Water Journal : Water Journal April 2012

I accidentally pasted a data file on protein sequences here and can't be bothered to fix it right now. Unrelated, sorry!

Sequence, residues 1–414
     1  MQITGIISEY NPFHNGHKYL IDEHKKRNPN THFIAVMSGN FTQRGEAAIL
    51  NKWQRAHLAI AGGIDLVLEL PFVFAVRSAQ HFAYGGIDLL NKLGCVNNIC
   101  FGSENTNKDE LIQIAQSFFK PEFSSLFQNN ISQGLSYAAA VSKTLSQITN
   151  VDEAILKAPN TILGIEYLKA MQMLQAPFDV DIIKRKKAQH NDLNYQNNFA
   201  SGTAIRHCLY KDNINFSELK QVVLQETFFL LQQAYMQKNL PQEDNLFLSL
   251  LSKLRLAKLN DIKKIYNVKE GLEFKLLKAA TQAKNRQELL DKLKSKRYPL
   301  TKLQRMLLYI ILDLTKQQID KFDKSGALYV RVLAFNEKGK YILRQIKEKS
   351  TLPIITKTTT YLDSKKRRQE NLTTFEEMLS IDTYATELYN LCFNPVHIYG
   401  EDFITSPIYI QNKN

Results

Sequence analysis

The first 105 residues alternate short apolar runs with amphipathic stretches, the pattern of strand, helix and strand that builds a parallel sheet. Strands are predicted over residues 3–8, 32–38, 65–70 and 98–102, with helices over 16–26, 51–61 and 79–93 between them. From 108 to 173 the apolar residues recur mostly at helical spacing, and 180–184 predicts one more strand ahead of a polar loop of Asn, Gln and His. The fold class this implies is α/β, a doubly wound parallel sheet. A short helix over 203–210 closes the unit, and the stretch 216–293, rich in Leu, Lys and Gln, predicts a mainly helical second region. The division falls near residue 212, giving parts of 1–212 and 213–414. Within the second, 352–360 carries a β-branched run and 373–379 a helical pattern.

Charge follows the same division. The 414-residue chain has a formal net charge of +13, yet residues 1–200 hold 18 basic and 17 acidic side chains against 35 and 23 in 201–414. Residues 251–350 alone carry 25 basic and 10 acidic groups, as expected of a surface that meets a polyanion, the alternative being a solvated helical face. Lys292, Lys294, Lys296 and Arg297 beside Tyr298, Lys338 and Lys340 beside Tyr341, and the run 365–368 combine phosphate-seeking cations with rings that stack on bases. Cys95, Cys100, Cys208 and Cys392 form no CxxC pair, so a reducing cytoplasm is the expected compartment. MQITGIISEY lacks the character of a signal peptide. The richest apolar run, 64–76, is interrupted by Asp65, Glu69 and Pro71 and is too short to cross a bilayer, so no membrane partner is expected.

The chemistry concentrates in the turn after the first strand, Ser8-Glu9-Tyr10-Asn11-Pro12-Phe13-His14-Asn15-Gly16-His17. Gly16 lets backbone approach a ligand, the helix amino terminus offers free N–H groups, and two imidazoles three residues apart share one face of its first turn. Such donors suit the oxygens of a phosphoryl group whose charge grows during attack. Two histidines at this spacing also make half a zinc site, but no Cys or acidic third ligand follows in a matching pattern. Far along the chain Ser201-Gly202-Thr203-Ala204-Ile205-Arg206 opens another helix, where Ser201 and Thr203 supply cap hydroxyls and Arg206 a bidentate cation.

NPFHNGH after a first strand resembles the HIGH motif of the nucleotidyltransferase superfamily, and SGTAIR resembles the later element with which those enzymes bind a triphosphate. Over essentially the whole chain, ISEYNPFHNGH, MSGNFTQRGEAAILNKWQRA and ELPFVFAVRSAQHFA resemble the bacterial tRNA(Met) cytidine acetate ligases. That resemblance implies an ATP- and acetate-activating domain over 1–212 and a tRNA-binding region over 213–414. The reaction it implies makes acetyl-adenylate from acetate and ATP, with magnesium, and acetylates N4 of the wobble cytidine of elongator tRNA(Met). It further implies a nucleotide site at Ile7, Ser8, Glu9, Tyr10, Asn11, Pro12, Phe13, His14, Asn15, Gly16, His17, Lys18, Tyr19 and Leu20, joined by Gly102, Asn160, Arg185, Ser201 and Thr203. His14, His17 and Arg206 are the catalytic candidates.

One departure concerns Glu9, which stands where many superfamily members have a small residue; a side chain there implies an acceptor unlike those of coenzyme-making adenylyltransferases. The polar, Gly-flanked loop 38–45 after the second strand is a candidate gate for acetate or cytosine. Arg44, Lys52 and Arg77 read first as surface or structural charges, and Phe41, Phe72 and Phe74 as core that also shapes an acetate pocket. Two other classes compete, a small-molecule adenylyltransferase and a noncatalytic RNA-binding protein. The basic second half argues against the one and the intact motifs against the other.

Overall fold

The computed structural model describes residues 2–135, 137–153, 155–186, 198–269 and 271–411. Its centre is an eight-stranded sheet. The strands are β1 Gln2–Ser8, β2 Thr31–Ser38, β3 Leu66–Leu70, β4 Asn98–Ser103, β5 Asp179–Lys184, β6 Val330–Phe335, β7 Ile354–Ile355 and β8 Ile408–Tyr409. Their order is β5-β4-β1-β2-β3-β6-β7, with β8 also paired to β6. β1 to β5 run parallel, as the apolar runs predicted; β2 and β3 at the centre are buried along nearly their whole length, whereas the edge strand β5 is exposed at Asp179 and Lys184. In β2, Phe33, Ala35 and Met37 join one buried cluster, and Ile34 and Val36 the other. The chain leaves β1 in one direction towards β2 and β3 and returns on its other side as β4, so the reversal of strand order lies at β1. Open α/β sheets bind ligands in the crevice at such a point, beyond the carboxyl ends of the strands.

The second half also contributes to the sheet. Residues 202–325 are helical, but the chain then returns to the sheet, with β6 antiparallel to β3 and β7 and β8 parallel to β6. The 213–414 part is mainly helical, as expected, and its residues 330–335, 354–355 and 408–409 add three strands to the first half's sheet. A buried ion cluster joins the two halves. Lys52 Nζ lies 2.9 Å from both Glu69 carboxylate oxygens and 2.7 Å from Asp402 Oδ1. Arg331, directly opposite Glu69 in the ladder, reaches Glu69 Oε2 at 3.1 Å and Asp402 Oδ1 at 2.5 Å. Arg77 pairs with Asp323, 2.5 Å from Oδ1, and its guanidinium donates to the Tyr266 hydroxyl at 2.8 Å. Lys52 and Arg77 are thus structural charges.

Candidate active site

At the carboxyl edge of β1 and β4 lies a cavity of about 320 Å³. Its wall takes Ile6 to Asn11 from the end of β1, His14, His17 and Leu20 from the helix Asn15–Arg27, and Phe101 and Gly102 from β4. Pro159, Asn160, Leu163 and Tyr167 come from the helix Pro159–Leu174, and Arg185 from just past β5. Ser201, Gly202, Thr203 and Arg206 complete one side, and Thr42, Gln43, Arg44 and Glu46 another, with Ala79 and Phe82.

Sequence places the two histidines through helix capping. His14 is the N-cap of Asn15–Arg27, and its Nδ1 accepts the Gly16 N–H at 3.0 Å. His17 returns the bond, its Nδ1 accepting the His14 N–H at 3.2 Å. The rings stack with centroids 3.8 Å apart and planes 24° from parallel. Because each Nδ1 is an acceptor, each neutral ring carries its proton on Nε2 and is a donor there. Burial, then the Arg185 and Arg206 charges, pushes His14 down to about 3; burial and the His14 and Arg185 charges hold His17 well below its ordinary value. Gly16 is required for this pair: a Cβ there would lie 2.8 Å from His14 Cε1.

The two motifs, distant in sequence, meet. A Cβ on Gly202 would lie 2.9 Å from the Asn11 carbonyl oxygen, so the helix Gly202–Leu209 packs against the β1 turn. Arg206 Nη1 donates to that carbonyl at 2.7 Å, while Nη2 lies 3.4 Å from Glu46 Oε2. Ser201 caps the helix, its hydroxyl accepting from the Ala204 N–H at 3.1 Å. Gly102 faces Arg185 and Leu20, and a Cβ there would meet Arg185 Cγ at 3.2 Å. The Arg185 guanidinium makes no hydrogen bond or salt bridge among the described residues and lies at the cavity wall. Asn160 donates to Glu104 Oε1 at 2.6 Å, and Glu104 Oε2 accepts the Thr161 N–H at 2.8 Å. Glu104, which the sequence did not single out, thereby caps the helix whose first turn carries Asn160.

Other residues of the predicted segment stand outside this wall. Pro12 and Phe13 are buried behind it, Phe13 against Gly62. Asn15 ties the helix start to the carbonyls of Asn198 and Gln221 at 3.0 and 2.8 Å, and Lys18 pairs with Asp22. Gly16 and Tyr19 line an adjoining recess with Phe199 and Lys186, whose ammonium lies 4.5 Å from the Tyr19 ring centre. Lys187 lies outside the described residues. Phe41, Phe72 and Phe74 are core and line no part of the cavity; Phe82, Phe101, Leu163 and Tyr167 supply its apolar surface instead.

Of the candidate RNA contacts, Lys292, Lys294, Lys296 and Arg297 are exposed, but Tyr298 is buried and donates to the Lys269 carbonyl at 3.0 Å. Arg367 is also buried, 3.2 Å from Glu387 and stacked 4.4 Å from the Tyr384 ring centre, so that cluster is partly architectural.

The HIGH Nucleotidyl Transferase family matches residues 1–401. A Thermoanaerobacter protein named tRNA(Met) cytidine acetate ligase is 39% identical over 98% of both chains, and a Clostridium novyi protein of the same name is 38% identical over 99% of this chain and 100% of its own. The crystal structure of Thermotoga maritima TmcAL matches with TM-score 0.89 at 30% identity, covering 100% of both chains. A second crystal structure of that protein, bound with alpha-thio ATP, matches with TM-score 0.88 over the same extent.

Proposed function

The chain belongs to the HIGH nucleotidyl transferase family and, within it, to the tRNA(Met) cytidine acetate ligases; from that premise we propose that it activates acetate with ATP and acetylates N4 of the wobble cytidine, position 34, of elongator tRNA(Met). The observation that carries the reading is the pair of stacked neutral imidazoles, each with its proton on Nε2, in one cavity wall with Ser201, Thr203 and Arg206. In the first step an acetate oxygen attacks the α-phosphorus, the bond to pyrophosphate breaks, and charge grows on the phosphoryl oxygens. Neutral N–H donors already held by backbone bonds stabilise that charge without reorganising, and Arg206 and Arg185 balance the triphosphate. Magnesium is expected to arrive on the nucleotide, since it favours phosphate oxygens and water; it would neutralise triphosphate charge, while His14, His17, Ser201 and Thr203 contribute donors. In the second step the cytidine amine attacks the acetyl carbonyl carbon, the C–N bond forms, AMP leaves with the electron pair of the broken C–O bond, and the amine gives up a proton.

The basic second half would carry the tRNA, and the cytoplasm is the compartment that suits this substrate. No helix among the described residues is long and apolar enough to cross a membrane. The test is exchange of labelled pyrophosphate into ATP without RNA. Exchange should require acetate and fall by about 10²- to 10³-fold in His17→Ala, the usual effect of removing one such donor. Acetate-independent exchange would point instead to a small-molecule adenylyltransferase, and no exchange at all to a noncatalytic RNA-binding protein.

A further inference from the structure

feature article feature articles 76 APRIL 2012 water CIOs, IT Procurement Managers and Retail Managers) has shown that the following points of differentiation between vendors are the most important for a prospective systems purchaser to consider, once a budget has been set: • Is the vendor focused on the water sector? How deep is their industry knowledge and track record? • What does their integration track record look like? • Will we have a peer group outside our business that can share knowledge about this system? • How many connections can it successfully handle? • Is the vendor able to provide support and upgrades over the long term? • Is it “future proof”? Do they have a clear development path? • Is the system intuitive and usable with minimal staff training? Can we ft our workfows into the platform with minimal disruption, and avoid the need for customisation? What are the Procurement Costs and Characteristics of a Successful Implementation? A typical cost for licensing a billing/CIS system (Figure 3) shows a clear relationship between total upfront licence cost and the utility's number of connections: on average, typical upfront license costs amount to $14 per connection. This does not include project implementation costs or subsequent product modification (if required). Implementation and customisation costs can make or break a system's implementation. Successful examples tend to exhibit a number of characteristics: • Customisation is defned and limited – implementing an ‘off- the-shelf' solution gives a company greater choice of product and protects against the risk of customisations becoming overly complex, low value, or being poorly scoped. Human processes can be more easily modified than systems, and allowing planning to be constrained by 'the way things are currently done' can have expensive consequences. Some products are highly customisable (for instance, HiAffnity’s XML programming capability), but the cost of maintaining in-house programming capability must also be considered. • Appropriately detailed business requirements – requirements that are either too detailed or too loose -- can result in a system that does not balance efficiency and systems cost. Identifying the aspects of business process that are most critical increases the likelihood of a system that does the important things well, and the less important things efficiently. • A strong, ongoing relationship with the vendor -- as with any recruitment, selecting the right partner first time is crucial to preventing difficulties later on; ignoring early warning signs about the vendor may be costly in the long term. • Fully implementing the system as originally intended -- the learnings gathered during the systems selection and procurement phase must be carefully sustained. Too often, a system is replaced not because it is functionally inadequate, but because the benefits and functions of the implementation were never realised. Figure 2. Systems market shares in water and energy, by number of accounts. 0 10 20 30 40 50 60 0 500 1,000 1,500 2,000 2,500 3,000 3,500 4,000 Observed License Cost ($m) Number of Connections ('000) Observed License Cost Trend Line Figure 3. Upfront licence costs for recent CIS and billing implementations.
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